Ingrid Bergman (29 August 1915 – 29 August 1982) was a Swedish actress who starred in a variety of European and American films. She won three Academy Awards, two Emmy Awards, and the Tony Award for Best Actress. She is ranked as the fourth greatest female star of American cinema of all time by the American Film Institute. She is best remembered for her roles as Ilsa Lund in Casablanca (1942), a World War II drama co-starring Humphrey Bogart and as Alicia Huberman in Notorious (1946), an Alfred Hitchcock thriller co-starring Cary Grant.
Before becoming a star in American films, she had already been a leading actress in Swedish films. Her first introduction to American audiences came with her starring role in the English remake of Intermezzo in 1939. In America, she brought to the screen a "Nordic freshness and vitality", along with extreme beauty and intelligence, and according to the St. James Encyclopedia of Popular Culture, she quickly became "the ideal of American womanhood" and one of Hollywood's greatest leading actresses. Her producer David O. Selznick, who called her "the most completely conscientious actress" he had ever worked with, gave her a seven-year acting contract, thereby assuring her continual stardom.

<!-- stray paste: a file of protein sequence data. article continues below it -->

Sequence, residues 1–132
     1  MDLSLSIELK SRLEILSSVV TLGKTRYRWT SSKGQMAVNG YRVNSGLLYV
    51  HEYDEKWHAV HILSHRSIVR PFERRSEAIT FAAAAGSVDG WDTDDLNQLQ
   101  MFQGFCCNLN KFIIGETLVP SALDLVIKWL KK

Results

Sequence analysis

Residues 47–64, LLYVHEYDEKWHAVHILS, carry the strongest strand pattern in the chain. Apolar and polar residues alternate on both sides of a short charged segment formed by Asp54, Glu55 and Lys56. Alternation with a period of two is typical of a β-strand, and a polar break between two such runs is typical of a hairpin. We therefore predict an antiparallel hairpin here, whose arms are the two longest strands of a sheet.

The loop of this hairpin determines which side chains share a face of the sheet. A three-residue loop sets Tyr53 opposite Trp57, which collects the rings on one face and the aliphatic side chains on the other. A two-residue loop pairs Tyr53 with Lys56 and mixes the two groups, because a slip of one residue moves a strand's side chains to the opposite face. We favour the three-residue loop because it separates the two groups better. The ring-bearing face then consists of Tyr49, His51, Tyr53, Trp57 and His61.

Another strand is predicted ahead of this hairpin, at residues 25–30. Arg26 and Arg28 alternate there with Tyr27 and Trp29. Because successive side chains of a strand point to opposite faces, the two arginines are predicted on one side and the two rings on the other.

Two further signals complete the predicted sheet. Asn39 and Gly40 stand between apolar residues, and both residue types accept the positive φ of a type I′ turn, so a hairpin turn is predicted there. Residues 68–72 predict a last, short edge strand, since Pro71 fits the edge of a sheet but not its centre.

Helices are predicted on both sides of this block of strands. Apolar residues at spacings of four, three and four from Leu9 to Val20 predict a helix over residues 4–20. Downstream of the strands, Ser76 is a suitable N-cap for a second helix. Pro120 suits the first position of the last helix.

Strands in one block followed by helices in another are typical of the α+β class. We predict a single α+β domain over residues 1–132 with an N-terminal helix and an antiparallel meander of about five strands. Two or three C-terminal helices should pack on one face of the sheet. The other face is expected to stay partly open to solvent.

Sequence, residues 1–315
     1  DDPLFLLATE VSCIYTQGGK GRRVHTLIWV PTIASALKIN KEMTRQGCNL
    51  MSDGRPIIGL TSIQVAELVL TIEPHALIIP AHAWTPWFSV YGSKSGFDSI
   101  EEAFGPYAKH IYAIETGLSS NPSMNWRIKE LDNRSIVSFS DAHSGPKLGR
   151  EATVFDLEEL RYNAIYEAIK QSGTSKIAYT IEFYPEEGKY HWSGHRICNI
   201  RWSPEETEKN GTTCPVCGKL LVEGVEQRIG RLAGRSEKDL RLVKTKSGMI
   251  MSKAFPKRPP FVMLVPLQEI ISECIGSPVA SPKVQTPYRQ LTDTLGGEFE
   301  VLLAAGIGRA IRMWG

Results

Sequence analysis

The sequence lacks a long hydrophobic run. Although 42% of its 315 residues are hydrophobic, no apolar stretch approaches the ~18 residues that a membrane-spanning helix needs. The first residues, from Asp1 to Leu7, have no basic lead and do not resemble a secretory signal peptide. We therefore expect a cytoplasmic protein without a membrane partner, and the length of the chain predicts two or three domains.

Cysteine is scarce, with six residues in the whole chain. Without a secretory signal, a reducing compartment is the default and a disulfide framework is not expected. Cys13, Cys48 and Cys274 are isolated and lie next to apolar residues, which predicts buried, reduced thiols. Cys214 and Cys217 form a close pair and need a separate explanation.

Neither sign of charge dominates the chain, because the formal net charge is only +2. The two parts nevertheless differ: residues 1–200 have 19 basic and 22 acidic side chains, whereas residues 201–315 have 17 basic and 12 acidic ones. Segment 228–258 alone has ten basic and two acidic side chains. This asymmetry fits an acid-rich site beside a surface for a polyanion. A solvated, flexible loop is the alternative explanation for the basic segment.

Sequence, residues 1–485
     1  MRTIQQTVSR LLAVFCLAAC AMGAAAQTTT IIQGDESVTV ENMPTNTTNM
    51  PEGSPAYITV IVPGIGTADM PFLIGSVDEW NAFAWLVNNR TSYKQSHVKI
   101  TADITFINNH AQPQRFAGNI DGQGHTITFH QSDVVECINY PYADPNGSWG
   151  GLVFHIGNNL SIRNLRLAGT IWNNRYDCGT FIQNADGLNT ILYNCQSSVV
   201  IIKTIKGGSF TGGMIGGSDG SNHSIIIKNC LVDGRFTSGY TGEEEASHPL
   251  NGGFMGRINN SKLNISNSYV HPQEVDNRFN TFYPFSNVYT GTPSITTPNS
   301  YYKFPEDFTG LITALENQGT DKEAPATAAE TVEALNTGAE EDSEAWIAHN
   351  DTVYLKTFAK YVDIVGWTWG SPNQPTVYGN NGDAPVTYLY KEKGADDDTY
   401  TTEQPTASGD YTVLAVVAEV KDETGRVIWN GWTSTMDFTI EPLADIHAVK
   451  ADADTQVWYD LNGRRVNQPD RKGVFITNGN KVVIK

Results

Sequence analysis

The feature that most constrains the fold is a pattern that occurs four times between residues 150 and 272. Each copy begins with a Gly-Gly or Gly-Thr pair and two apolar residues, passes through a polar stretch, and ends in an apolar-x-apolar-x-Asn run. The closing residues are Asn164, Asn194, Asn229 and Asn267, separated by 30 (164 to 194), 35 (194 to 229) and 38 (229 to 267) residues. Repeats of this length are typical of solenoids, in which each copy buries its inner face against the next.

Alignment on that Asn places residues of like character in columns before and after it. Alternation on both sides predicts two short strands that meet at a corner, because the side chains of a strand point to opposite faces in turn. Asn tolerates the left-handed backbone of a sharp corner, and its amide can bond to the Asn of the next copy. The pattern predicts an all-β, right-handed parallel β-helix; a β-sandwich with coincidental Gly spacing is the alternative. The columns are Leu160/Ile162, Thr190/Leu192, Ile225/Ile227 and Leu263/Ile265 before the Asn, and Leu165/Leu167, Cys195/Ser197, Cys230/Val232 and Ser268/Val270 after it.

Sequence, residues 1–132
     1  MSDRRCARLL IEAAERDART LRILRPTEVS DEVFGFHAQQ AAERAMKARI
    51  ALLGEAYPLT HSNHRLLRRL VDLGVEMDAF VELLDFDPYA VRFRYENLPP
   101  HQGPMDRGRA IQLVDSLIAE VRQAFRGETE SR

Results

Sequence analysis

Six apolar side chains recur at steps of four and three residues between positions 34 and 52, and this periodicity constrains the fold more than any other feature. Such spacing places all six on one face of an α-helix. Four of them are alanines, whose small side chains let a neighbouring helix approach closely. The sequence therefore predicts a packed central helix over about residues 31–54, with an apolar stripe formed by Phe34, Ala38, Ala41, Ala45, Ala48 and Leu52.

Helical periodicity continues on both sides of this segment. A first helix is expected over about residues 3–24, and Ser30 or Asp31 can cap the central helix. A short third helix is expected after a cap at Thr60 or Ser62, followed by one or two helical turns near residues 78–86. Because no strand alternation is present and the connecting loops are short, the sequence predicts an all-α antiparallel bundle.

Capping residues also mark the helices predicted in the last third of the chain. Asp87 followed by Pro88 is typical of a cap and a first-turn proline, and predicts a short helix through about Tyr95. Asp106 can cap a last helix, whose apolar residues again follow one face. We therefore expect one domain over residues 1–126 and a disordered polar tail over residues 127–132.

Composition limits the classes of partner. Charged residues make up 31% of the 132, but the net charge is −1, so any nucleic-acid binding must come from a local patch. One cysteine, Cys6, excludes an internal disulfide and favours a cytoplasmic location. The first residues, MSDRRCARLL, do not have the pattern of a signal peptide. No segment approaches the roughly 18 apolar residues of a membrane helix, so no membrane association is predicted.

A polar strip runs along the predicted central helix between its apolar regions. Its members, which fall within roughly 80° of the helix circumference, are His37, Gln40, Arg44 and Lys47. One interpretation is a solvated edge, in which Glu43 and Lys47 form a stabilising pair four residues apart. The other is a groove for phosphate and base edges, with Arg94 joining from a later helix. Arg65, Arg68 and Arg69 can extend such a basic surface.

A few of her other starring roles, besides Casablanca, included For Whom the Bell Tolls (1943), Gaslight (1944), The Bells of St. Mary's (1945), Alfred Hitchcock's Spellbound (1945), Notorious (1946), and Under Capricorn (1949), and the independent production, Joan of Arc (1948). In 1950, after a decade of stardom in American films, she starred in the Italian film Stromboli, which led to a love affair with director Roberto Rossellini while they were both already married. The affair created a scandal that forced her to return to Europe until 1956, when she made a successful Hollywood comeback in Anastasia, for which she won her second Academy Award, as well as the forgiveness of her fans. Many of her personal and film documents can be seen in the Wesleyan University Cinema Archives.